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Long-term care and elder financial abuse

On Behalf of | Jan 26, 2022 | blog, Elder Law |

Older residents of Indiana expect to be treated with respect and care. Unfortunately, elder abuse occurs, including financial abuse, that harms individuals and puts them at risk.

What is elder financial abuse?

Elder financial abuse is a type of fraud perpetrated on older people to deprive them of their money for the perpetrator’s personal gain. It often involves a scam or deception to steal money from an older person and can be done through myriad tactics. It’s similar to other types of financial fraud schemes that are carried out online or via phone and target random people, but elder financial abuse specifically targets senior individuals.

How is elder financial abuse committed?

There are many ways that elder financial abuse can be committed. Often, it involves some type of fraudulent scheme or a false promise of goods or services. The person might claim to belong to a charity, appealing to the older person’s good nature to help in order to get their money. Repair, plumbing or utility scams involve someone coming to the victim’s door and pretending to offer to do some type of work in the home while actually intending to scam money out of them.

Some of these crimes also occur online. Email phishing scams are a common example. As elderly people aren’t as savvy to recognize the signs of a scam, they can fall prey and click on a rogue link, open an attachment or even reply and give out their personal and financial information to the thieves.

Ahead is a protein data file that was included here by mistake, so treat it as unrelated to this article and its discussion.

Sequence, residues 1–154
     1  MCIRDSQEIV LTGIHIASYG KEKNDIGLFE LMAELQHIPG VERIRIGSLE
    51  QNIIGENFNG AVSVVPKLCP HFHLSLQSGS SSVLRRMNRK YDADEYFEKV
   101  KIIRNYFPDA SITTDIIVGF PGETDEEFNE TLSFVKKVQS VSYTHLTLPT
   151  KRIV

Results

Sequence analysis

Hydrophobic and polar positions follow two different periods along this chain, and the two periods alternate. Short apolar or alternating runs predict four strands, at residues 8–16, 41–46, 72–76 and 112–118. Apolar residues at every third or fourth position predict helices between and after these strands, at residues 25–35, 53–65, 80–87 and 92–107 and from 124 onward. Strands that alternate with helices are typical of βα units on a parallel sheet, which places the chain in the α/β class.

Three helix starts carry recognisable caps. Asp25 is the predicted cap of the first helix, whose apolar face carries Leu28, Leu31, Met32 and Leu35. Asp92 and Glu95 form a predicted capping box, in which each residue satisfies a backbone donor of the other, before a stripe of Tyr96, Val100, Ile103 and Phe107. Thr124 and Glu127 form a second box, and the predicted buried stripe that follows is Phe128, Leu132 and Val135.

A person might even commit elder financial abuse by posing as their relative, asking for cash to take care of a problem. Predatory lenders are also very common perpetrators of elder financial abuse.

Sometimes, the older person’s own caretaker such as a home health aide might commit the offense. Sadly, the senior relies on their caretaker and trusts them, which means they often don’t suspect fraud.

How does elder financial abuse affect the victim?

Victims of elder financial abuse can suffer numerous effects of the crime. These include the following:

  • Financial loss
  • Loss of trust of other people
  • Anger, anxiety, depression, fear and shame
  • Poor physical health due to stress and financial strain
  • Loss of residence, utilities or vehicle

If your elderly loved one has fallen victim to this crime, you have options to hold the perpetrator accountable. You may be able to file civil litigation in addition to pending criminal charges.